Creating a Panorama


By using layers, you can take several photos from one location and merge them together to create a large panoramic photo.

Many people take an assortment of photos of a subject with the camera handheld. Pros know it's better to use a tripod and slightly move the camera to create overlap. There are even specialized tripod heads that can be bought from companies like Kaidan (www.kaidan.com) that make the leveling and rotation much more precise.

Let's try piecing some photos together. If you are using Photoshop CS or later, use the Photomerge option. If not, place all three images into a larger document and manually line them up.

1.

Choose File > Automate > Photomerge. Photomerge is a specialized "miniapplication" inside of Photoshop that assists in combining multiple images into a single photo.

2.

Click the Browse button and navigate to the Chapter 8 folder on the book's DVD-ROM.

3.

Choose grand_canyon1.tif, grand_canyon2.tif, and grand_canyon3.tif.

4.

Check the box next to Attempt to Automatically Arrange Source Images.

5.

Click OK and be patient... each image has to open.

6.

In the next dialog box, be sure to click Keep as Layers. You may also choose to click the Perspective radio button for a clearer view of the blending.

7.

With the Select Image tool (A) you can grab individual panels and move them around for a better match.

8.

Click OK to build the panoramic image. Photoshop will attempt to assemble the panorama based on your work in the dialog box. Since layers are preserved, however, you can still tweak the position of individual layers.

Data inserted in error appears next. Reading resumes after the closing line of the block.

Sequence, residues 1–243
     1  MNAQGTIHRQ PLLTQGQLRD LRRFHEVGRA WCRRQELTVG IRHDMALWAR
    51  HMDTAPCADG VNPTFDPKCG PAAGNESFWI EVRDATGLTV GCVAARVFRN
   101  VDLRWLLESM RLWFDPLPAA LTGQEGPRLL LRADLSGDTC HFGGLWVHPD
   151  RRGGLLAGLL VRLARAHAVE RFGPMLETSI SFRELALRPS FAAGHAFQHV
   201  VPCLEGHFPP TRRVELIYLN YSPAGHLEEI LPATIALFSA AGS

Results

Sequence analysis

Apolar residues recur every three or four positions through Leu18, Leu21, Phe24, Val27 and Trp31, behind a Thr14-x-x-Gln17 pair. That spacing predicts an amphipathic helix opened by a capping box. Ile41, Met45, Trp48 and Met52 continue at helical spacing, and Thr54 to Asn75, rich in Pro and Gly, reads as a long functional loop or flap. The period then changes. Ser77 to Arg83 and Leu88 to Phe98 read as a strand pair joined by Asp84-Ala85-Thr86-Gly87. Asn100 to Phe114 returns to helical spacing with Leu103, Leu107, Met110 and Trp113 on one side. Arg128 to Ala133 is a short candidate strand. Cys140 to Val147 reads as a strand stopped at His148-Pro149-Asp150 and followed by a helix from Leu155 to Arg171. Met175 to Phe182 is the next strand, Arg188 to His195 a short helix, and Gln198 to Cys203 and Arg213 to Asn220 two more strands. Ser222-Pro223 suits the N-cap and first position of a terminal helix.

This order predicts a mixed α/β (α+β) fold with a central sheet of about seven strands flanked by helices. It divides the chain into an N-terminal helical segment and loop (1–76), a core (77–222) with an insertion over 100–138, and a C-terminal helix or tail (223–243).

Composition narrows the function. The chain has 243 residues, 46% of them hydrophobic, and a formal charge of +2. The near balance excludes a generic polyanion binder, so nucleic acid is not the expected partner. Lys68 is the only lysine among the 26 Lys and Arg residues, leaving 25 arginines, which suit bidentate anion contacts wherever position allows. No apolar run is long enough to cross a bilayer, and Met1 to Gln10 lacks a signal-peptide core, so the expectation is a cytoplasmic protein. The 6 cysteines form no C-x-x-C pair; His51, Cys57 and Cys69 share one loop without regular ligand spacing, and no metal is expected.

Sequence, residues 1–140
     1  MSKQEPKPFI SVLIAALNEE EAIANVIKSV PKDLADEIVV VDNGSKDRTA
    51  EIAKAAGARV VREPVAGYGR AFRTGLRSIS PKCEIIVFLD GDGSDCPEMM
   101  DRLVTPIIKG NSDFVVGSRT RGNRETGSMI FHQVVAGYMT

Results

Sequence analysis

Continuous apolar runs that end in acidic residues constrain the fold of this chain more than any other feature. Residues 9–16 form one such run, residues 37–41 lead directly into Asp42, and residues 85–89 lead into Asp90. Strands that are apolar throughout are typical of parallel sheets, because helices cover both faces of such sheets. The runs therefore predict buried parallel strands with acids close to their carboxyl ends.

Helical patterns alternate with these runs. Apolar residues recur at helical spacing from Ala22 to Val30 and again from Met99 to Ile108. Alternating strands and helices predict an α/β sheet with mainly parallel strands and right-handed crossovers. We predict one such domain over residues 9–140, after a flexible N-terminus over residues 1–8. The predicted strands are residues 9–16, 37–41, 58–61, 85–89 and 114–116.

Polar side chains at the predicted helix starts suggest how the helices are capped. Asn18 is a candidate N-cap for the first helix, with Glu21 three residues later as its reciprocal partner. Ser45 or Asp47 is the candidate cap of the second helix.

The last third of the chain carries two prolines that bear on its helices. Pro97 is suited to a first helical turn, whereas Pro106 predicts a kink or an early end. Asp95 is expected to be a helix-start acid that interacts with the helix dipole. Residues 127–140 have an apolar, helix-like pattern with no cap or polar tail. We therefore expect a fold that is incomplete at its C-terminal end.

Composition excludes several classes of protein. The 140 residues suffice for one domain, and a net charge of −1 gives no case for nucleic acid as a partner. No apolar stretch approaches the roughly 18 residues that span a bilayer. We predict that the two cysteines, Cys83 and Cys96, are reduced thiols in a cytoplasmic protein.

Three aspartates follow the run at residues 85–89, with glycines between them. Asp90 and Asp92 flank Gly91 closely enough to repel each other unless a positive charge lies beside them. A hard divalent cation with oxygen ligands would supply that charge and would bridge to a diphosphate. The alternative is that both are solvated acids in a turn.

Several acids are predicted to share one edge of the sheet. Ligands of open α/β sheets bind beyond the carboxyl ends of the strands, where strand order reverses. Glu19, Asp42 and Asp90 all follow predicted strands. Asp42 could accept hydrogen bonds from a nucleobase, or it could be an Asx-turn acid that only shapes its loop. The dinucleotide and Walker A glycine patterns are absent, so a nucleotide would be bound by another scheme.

9.

Nudge any layers with the Move tool if your alignment is off.

10.

Choose Layer > Flatten Image.

11.

Crop the image to a clean rectangular shape using the Crop tool (C).

12.

There are a few visible seams... this is what the Healing Brush was made for! Select the Healing Brush (it looks like a bandage) by pressing J. The Healing Brush is a great way to remove blemishes or seams from an image. Option-click (Alt-click) on a similar surface where you need to blend (from clouds to clouds, from rocks to rocks, etc.) Be sure to use a soft-edged brush that is relatively large. Then release the modifier key, and with the Healing Brush paint over the seam. Click and draw gentle strokes; when you release, the image will blend to hide the seam. For more on the Healing Brush, see Chapter 11, "Repairing Images."

13.

You may need to use the Blur tool (R) a little to clean up the seams as well. The Blur tool allows you to selectively defocus an area.



Understanding. AdobeR PhotoshopR. Digital Imaging Concepts and Techniques
Understanding Adobe Photoshop: Digital Imaging Concepts and Techniques
ISBN: 0321368983
EAN: 2147483647
Year: 2004
Pages: 129

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